World War One – Parramatta Soldiers – Private Alfred George Jessop

World War One – Parramatta Soldiers – Private Alfred George Jessop

Private Alfred George Jessop was born in Parramatta.  According to the Cumberland Argus he attended Pitt Row School, now Parramatta West Public School.

However, his place of association at the time of his enlistment was Tweed Heads near Murwillumbah in New South Wales.

He was a labourer and enlisted for service at the age of twenty two, in Brisbane Queensland on 23 January 1916.

He named his mother Hannah who lived in Tumbulgum on the Tweed River as his next of kin.  He had a brother Ray who lived in Seville Street, Parramatta.

Private Alfred George Jessop embarked for service overseas with 31 Australian Infantry Battalion on 14 April 1916.

Following treatment in hospital for frost bite to his feet and a subsequent foot infection, he re-joined his unit in August 1917.

 Sadly, Private Alfred Jessop was killed in action in the field on 28 September 1917 in Belgium.  His war service record states that he is buried in the vicinity of Polygon Wood near Ypres.

This suggests he was involved in the Battle of Polygon Wood which commenced on 26 September 1917 and which was staged as part of the third battle of Ypres.  The battle cost 5,770 Australian casualties.

His name is engraved on the Menin Gate in Ypres Flanders Belgium.  The British War Medal, Victory Medal, Memorial Scroll and Memorial Plaque were given to his mother.  His name is located on the Roll of Honour at the Australian War Memorial.

References:

“Our Brave Boys on the Battle Fields” The Cumberland Argus and Fruitgrowers Advocate (Parramatta, NSW: 1888-1950), 8 December 1917, page 10.

Australian War Memorial Website Battle of Polygon Wood https://www.awm.gov.au/militaryevent/E153/

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Janet Britton, Volunteer Research Assistant, City of Parramatta, Parramatta Heritage Centre, 2016

 

World War One – Parramatta Soldiers – Victor Earle Brinkman

World War One – Parramatta Soldiers – Victor Earle Brinkman

Victor was the eldest son of Mrs J. Brinkman of Guidlford New South Wales (Myrtle Cottage, Albert Parade, and later “Le Roy” Calliope Street). He was born in Cabramatta and was a Railway Porter when he joined the forces on 7 May 1915 at 22 years of age. He served with the 18th Battalion, Australian Imperial Forces in Gallipoli. Victor died in service in August 1915, and his death was reported in the Cumberland Argus and Fruitgrowers Advocate (31 March 1917): “His death in action on August 27 1915, was communicated to his mother, after he had been reported missing ever since that date. Private Brinkman was a single man and enlisted on May 18, 1915, went into encampment three days later and sailed in the Kanowna (A.61) on June 19, 1915. He had only eight days in Egypt when he was sent direct to Gallipoli. His diary states that he left the base for the firing-line on August 22, 1915.

After fighting for only five days he was reported missing, a cable to this effort reaching his mother on October 13, 1915. The Red Cross Society has been making numerous inquiries since for the anxious mother, and reported to her that her son had been seen lying wounded on the parapet of his trench on the night of August 27, 1915 by another Australian named Private Smee. The next news Mrs Brinkman got was the receipt of her son’s identification disc and diary, which reached her in August last, but the atmosphere was finally cleared, though not in the way the relatives would have wished, by a cable sent to Rev. F. Reed. of Guidlford, on the 5th instant requesting him to inform Mrs Brinkman that her son was now as a result of the court of inquiry, reported killed in action on August 27, 1915. His brother, Private Roy Brinkman who left here when he was 17 years old with the Engineers is now fighting in France with the 5th Division of the Pioneers.”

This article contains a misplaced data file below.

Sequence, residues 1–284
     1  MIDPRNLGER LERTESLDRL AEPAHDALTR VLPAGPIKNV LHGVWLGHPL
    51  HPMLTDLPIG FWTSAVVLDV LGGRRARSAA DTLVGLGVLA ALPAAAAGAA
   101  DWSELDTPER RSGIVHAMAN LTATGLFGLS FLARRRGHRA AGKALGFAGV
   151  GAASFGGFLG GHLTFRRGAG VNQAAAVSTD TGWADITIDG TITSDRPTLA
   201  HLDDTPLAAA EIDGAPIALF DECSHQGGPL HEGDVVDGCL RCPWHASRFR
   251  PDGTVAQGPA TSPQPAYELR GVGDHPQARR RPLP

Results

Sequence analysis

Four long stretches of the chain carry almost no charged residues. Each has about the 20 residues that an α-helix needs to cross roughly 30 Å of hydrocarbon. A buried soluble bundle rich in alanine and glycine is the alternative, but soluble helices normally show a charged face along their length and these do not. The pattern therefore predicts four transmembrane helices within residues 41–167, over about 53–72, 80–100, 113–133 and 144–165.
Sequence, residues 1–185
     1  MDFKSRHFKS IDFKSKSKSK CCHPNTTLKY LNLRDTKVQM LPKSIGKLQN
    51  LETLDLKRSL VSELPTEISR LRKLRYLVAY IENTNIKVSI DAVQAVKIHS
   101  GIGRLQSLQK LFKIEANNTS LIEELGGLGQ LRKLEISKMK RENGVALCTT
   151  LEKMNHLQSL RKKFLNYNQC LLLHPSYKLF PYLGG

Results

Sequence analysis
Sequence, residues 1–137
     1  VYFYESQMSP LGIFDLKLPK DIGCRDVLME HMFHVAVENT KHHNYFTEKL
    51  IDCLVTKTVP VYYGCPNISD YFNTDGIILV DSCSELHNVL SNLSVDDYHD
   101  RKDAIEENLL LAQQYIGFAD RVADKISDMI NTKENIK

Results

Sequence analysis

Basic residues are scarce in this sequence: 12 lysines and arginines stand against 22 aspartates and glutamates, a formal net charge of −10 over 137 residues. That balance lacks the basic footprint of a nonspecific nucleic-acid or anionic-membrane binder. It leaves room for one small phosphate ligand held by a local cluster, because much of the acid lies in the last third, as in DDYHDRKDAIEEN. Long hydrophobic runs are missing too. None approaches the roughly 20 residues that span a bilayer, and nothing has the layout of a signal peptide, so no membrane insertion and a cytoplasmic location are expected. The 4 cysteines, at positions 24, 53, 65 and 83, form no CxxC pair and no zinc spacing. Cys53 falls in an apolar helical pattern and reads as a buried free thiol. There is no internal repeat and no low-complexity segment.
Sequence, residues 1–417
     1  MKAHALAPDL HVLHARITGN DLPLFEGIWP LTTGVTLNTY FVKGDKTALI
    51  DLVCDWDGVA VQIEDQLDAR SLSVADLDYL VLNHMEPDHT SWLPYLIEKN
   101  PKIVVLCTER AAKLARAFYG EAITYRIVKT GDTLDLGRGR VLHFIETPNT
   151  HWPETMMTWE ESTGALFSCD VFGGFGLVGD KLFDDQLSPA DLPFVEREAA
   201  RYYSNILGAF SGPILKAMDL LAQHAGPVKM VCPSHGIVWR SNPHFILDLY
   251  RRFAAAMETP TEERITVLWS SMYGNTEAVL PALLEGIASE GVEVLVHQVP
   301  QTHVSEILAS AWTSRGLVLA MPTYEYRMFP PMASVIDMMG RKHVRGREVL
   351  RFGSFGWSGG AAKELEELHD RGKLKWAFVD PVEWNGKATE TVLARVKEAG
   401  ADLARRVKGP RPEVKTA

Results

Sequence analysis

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Chrissie Crispin – Volunteer Research Assistant – City of Parramatta – Parramatta Heritage Centre – 2016

World War One – Parramatta Soldiers – Private Wallace R. McKenzie

World War One – Parramatta Soldiers – Private Wallace R. McKenzie

Private Wallace McKenzie was a 20 year old shipwright from Sydney. He was the son of Mr J McKenzie and Mrs Jane McKenzie from Granville, New South Wales. He and his family were part of the Church of England. He enlisted on 17 August 1914. He was appointed as Corporal of a platoon on 19 October 1914. He embarked with his unit from Sydney aboard the HMAT Euripides A14 on 20 October 1914. He was promoted to Sergeant on 11 March 1915. He was wounded in action on 6 August 1915. He rejoined his unit on 14 August 1915. He was promoted to second lieutenant on 8 December 1915. He embarked for Alexandria on 23 March 1916. He was promoted to Lieutenant on 22 April 1916. On 24 July 1916 he suffered gunshot wounds to the head and shoulder while in France. He was transferred to England on 27 July 1916 and admitted to an Auxiliary Hospital in Harefield. He was discharged on 22 September 1916. On 17 October 1916 he rejoined his battalion in France. On 13 November 1916 he was mentioned in despatches for distinguished and gallant services by Commander Sir Douglas Haig in the field. On 2 March 1917 he suffered a gunshot wound to the right ankle, and was transferred to England on 5 March 1917 aboard the HS Panama. He was admitted to the 3rd London General Hospital on 6 March 1917. On 28 August 1917 he was admitted to Latchmere House Hospital, England, suffering delusional insanity. On 12 November 1917 he embarked for Australia aboard Themistocles A32 from England suffering from acute mania. He was struck off strength the next day and his appointment was terminated in Australia on 21 March 1918.